A stop at the Nature Conservancy's preserve (a.k.a. the Meadows) turned up a mix of waterbirds and landbirds. Even though they were few in number, the Willets made their presence obvious by flying around, calling, and sometimes perching on the tops of poles to call and look around. Along with the Willets, I saw my first Greater Yellowlegs of the year. I counted nine singing male Common Yellowthroats around the preserve's loop. A few other warblers were migrating through. One treat was a bright male Yellow Warbler, my first of the year. Some ducks and American Coots are still at the refuge, though in fewer numbers than their late winter peak. Gadwall are most numerous, with smaller numbers of Green-winged Teal, American Black Ducks, and Northern Shovelers.

Unfortunately, I was so excited by the Audubon's Warbler sighting that I forgot to take photos. (You can see ones by other birders here, here, and here.) In the meantime, enjoy this photo of a Snowy Egret from the Meadows.

Tuesday, April 19, 2011

Missing Life Birds

Yesterday I made an attempt to see the Painted Bunting that had been appearing at a feeder in Absecon, NJ. I waited in front of the feeder for about an hour and a half. In that time plenty of birds passed by the yard – resident House Sparrows, Northern Cardinals, and House Finches; a Red-bellied Woodpecker; singing Carolina Chickadees; an Osprey; and a flock of Double-crested Cormorants flying overhead. However, there was no sign of the bunting. From what I understand, the bird was last seen on Thursday. The bunting would have been a life bird, and it becomes one of several that I have missed this spring. After a glut of life birds at the Superbowl of Birding, my life list building has slowed considerably.

In the afternoon, I tried to find an Audubon's Yellow-rumped Warbler that had been spotted the previous morning at Lake Lily in Cape May Point. I walked all around the lake, checking every warbler and warbler-like flying object. There were plenty of Myrtles, but no sign of the Audubon's. For those unfamiliar with the terms, Myrtle is the subspecies of Yellow-rumped Warbler normally found in eastern North America, while Audubon's dwells in the west. These forms were previously considered separate species and may one day be split again.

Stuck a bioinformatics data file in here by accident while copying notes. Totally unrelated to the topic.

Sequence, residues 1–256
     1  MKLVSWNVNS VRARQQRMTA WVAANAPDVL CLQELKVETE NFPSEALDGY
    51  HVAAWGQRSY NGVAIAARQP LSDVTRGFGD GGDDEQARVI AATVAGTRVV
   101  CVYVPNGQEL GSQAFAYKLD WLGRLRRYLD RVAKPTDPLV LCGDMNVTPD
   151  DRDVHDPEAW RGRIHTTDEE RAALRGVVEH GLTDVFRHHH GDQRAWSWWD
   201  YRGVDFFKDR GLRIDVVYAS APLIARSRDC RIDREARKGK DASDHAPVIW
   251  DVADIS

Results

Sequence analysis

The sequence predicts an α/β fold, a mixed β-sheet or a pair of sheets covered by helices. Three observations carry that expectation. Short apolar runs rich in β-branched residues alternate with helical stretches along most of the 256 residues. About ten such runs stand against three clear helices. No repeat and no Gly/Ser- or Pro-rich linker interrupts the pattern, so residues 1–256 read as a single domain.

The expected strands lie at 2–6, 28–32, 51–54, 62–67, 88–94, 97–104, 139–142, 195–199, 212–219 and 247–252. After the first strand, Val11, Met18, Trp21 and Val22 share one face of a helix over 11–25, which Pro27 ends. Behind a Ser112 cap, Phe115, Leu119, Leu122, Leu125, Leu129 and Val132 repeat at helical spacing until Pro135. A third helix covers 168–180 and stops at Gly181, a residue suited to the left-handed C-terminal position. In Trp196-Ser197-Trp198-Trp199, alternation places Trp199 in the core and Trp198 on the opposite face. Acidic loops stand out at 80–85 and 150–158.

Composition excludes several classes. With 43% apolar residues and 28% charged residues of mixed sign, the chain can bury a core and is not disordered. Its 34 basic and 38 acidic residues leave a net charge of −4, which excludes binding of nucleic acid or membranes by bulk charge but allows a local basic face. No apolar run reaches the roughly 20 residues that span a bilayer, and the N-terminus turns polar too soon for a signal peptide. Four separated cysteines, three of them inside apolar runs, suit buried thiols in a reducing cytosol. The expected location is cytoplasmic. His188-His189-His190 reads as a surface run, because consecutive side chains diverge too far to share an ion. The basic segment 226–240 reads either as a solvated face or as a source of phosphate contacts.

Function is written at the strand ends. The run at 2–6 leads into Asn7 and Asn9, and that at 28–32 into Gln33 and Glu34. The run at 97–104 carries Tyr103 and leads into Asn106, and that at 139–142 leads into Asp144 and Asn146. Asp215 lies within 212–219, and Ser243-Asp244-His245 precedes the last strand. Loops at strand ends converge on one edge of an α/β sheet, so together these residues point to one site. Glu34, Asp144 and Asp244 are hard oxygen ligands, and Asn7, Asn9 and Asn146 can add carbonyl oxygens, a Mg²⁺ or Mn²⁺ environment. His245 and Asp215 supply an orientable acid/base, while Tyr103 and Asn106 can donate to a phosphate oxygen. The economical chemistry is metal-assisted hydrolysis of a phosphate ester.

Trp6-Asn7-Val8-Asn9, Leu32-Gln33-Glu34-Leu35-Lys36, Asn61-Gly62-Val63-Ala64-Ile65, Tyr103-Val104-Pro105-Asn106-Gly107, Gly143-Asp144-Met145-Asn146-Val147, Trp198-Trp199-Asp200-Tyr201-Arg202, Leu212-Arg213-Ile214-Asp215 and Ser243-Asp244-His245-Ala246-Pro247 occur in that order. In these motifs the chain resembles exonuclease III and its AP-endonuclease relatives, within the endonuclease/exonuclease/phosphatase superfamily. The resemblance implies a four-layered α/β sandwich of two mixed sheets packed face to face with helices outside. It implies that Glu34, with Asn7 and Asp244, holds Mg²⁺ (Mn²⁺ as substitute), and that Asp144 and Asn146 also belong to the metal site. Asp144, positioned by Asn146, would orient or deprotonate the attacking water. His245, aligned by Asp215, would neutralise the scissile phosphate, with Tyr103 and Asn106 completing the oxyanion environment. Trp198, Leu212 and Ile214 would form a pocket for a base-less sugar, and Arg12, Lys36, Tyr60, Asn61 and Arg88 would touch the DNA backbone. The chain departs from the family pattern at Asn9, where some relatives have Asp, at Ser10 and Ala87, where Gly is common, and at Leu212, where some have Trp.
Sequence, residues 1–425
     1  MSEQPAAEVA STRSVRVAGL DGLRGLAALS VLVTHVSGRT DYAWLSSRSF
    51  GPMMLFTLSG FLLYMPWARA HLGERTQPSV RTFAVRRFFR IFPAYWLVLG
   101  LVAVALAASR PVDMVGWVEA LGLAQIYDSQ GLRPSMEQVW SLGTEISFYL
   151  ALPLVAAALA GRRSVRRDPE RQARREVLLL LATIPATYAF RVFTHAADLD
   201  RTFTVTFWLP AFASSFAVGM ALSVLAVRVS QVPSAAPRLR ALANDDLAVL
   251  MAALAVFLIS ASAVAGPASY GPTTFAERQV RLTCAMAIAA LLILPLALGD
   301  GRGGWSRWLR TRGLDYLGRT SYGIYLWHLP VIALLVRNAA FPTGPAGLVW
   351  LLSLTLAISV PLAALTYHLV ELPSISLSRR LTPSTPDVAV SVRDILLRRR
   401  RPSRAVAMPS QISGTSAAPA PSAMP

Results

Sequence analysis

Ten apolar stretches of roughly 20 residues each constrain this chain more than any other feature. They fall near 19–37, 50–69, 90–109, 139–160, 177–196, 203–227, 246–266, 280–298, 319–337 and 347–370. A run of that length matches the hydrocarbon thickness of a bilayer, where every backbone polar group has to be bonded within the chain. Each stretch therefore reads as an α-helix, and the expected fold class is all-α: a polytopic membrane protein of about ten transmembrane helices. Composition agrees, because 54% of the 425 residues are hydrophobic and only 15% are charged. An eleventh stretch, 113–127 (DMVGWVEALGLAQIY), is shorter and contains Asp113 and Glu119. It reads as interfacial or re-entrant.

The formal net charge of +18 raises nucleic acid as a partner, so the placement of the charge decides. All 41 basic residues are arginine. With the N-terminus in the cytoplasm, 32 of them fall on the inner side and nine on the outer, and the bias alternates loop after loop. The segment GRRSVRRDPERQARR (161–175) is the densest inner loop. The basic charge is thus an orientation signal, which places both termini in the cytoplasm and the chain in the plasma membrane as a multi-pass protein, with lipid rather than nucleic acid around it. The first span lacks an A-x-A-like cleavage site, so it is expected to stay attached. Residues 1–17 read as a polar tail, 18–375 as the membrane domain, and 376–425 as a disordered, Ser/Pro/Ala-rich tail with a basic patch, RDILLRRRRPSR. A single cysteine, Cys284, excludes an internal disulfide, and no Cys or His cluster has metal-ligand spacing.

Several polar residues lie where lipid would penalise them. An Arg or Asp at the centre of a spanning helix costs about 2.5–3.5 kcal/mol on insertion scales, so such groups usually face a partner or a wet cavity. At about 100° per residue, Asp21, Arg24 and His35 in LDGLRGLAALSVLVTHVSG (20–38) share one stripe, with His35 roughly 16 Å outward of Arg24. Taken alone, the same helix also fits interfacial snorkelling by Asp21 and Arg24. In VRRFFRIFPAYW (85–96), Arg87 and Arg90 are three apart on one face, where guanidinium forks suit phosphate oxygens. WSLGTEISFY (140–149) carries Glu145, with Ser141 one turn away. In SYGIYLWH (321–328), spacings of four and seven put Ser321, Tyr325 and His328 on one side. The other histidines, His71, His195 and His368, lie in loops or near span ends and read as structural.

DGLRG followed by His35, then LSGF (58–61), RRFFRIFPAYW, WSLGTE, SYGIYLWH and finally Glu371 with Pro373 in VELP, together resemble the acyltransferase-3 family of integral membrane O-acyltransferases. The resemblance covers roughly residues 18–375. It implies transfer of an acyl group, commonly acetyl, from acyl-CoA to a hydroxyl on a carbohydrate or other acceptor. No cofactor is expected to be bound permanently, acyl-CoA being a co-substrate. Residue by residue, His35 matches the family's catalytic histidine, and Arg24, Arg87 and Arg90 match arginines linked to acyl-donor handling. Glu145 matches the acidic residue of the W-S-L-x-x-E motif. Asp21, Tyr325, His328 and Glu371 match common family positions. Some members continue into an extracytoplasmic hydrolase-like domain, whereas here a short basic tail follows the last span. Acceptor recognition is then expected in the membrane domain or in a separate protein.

Even though I missed the potential future armchair-lifer, the trip around the lake was not a waste. The Myrtles were nice to see and hear, especially in their bright spring plumage. I saw several year birds. These included Blue-gray Gnatcatcher, Great-crested Flycatcher, and Prairie Warbler. Even better, there was a very cooperative Yellow-throated Warbler in front of one of the houses bordering the lake. My only previous sighting of this species was a singing bird at the top of a tall pine tree in Virginia. The look was good enough to recognize it, but it was not very satisfying. This view was much better, as the warbler crept along a rooftop gutter like a nuthatch and then flitted through nearby trees and shrubs, usually no more than 10 feet off the ground.